DHEC asking residents to submit dead birds for testing to help track West Nile virus

DHEC asking residents to submit dead birds for testing to help track West Nile virus
Mosquitoes become infected with the West Nile virus when they feed on infected birds. (Source: WAVE 3 News)

COLUMBIA, S.C. (WMBF) – State health officials are asking South Carolinians to help track West Nile virus this spring and summer by submitting certain species of dead birds for lab testing.

According to a press release from the Department of Health and Environmental Control, their dead bird surveillance program allows DHEC to better understand where and when there is an increase in West Nile virus activity, as a high rate of birds infected with the disease indicates an overall increase of the virus within a certain area.

This heightened activity is reported to local mosquito control programs so they can take appropriate actions to help protect residents, DHEC officials said.

Mosquitoes become infected with West Nile virus when they feed on infected birds that carry the virus in their blood, the release stated. After one to two weeks, infected mosquitoes can transmit the virus to humans and other animals.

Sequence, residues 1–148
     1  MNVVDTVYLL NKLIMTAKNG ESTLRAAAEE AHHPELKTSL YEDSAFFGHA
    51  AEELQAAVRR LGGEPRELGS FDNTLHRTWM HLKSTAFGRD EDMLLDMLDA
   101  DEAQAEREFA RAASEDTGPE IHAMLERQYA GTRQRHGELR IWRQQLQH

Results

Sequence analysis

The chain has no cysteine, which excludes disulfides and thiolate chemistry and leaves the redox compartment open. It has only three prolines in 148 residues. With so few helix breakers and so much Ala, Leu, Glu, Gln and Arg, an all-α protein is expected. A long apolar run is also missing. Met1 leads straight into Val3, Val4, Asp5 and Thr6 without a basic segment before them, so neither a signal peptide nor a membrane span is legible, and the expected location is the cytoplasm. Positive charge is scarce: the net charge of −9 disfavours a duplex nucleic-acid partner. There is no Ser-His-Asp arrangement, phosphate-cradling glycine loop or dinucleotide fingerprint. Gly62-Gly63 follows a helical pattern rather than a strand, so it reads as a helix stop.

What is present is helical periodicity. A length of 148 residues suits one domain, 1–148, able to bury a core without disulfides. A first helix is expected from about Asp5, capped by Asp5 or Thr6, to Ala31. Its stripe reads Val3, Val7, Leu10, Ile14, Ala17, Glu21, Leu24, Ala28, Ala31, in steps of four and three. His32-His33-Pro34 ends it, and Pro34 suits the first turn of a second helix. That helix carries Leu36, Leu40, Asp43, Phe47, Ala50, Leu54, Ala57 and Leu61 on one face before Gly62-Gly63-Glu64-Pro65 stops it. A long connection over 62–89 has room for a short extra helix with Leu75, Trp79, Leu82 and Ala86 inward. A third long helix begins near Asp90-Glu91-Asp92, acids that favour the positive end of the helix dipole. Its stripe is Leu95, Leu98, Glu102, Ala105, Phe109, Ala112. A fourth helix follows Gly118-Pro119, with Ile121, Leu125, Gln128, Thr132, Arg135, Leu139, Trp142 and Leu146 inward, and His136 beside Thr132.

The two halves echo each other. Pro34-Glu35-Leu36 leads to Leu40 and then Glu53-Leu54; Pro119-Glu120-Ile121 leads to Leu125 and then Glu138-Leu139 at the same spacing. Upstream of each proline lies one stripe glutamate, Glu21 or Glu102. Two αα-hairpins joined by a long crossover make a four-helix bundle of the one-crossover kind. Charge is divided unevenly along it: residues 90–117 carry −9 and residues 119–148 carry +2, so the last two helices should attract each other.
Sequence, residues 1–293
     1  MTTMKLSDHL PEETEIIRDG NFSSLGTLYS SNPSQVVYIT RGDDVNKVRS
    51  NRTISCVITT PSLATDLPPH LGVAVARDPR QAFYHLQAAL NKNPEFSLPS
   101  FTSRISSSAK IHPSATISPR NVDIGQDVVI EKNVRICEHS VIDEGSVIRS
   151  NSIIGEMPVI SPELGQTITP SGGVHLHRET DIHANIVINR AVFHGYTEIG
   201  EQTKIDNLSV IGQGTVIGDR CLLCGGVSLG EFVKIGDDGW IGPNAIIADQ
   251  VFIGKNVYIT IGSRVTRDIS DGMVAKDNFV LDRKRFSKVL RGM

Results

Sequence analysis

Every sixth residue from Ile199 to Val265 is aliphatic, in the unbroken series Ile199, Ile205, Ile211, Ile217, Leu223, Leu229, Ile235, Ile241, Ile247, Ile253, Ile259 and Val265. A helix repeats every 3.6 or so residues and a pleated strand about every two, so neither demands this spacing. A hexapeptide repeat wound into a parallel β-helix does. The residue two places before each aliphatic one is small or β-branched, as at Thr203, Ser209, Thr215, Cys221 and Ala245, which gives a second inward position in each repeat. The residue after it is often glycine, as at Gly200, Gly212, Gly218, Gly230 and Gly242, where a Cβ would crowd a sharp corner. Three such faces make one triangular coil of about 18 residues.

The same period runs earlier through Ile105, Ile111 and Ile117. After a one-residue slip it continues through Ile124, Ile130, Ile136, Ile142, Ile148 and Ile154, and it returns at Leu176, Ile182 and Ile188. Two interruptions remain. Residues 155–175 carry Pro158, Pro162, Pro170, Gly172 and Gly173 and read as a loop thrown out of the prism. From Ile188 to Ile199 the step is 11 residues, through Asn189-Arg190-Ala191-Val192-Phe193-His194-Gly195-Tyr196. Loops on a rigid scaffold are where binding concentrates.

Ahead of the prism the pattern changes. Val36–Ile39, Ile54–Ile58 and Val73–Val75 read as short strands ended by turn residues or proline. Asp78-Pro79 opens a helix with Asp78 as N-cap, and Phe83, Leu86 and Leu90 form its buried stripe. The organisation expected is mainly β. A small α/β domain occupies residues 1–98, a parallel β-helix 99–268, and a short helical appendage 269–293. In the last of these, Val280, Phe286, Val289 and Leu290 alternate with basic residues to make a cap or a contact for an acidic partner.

The amount of West Nile virus activity varies from year to year. In 2018, a total of 87 birds submitted from 18 counties tested positive for the virus, according to DHEC. In 2019, only two birds submitted from two counties tested positive. In 2020, only one bird tested positive.

DHEC is asking residents to report or submit recently deceased crows, blue jays, house finches and house sparrows that appear not to have been injured and are not decayed. These species of birds are more susceptible to West Nile virus than other species, making them good candidates for testing, the release stated.

If residents submit birds other than crows, blue jays, house finches and house sparrows, DHEC will determine whether to test those birds on a case-by-case basis.

Deceased birds can be reported or submitted to local DHEC offices now through the end of November. To safely collect a dead bird, residents should follow these instructions:

  • Don’t touch a bird, dead or alive, with bare hands. Use gloves or pick up the bird with doubled, plastic bags.
  • Keep the bagged bird cool until it can be placed on ice. If the bird carcass can’t be delivered to DHEC within 36 hours of collection, place it on ice in a cooler but do not allow water into the bags. Do not refrigerate or freeze the carcass where food is stored.
  • Download and complete the Dead Bird Submission and Reporting Sheet for West Nile Virus and submit it, along with the dead bird, to a local DHEC office.

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